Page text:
Quality & Quantity

, Volume 51, Issue 2, pp 941–958 | Cite as

Comparing acquiescent and extreme response styles in face-to-face and web surveys

  • Mingnan LiuEmail author
  • Frederick G. Conrad
  • Sunghee Lee


Likert scales are popular for measuring attitudes, but response style, a source of measurement error associated with this type of question, can result in measurement bias. This study investigates the effect of data collection mode on both types of response styles using data from the 2012 American National Election Studies (ANES). 2012 was the 1 year in which ANES conducted two parallel surveys, one through face-to-face interviews and another through Web, using two independent national probability samples and an identical questionnaire. We used three sets of balanced Likert scales from the survey to measure the acquiescent and extreme response styles. Using the latent class analysis modeling approach, we find that: (1) both acquiescent and extreme response styles exist in both face-to-face and Web survey modes; (2) face-to-face respondents demonstrate more acquiescent and extreme response styles than Web respondents; (3) the mode effect is similar for white, black and Hispanic respondents.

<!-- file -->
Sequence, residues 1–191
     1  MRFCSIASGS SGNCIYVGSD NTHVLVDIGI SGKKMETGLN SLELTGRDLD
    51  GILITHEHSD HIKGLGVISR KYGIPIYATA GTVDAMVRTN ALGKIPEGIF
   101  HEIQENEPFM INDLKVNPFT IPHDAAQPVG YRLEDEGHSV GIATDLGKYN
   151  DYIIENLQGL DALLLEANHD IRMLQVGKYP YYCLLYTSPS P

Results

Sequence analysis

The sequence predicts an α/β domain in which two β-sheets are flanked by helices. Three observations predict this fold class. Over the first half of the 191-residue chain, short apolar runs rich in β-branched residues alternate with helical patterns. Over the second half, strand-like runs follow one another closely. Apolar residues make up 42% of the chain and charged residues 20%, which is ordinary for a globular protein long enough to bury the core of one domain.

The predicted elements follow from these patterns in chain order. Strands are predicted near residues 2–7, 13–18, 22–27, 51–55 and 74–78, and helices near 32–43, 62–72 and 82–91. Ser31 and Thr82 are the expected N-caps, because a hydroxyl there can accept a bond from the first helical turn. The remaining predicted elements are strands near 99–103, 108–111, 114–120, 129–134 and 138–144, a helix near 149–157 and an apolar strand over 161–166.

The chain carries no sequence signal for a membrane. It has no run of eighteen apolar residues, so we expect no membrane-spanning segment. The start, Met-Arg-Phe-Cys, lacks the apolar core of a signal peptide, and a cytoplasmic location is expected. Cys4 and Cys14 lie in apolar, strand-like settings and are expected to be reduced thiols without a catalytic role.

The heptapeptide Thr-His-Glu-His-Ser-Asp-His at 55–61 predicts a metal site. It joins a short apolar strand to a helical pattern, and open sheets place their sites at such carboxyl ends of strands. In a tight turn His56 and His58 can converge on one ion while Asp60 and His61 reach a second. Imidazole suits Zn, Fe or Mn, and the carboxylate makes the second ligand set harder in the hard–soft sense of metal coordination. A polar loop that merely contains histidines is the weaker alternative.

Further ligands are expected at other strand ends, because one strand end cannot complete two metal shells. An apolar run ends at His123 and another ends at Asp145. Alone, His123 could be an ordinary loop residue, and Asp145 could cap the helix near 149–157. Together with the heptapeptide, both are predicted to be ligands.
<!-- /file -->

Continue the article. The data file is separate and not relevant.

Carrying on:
Response style Face-to-face survey Web survey Latent class analysis 


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Copyright information

© Springer Science+Business Media Dordrecht 2016

Authors and Affiliations

  • Mingnan Liu
    • 1
    Email author
  • Frederick G. Conrad
    • 2
    • 3
  • Sunghee Lee
    • 4
  1. 1.SurveyMonkeyPalo AltoUSA
  2. 2.Program in Survey MethodologyUniversity of MichiganAnn ArborUSA
  3. 3.Joint Program in Survey MethodologyUniversity of MarylandCollege ParkUSA
  4. 4.Survey Research CenterUniversity of MichiganAnn ArborUSA

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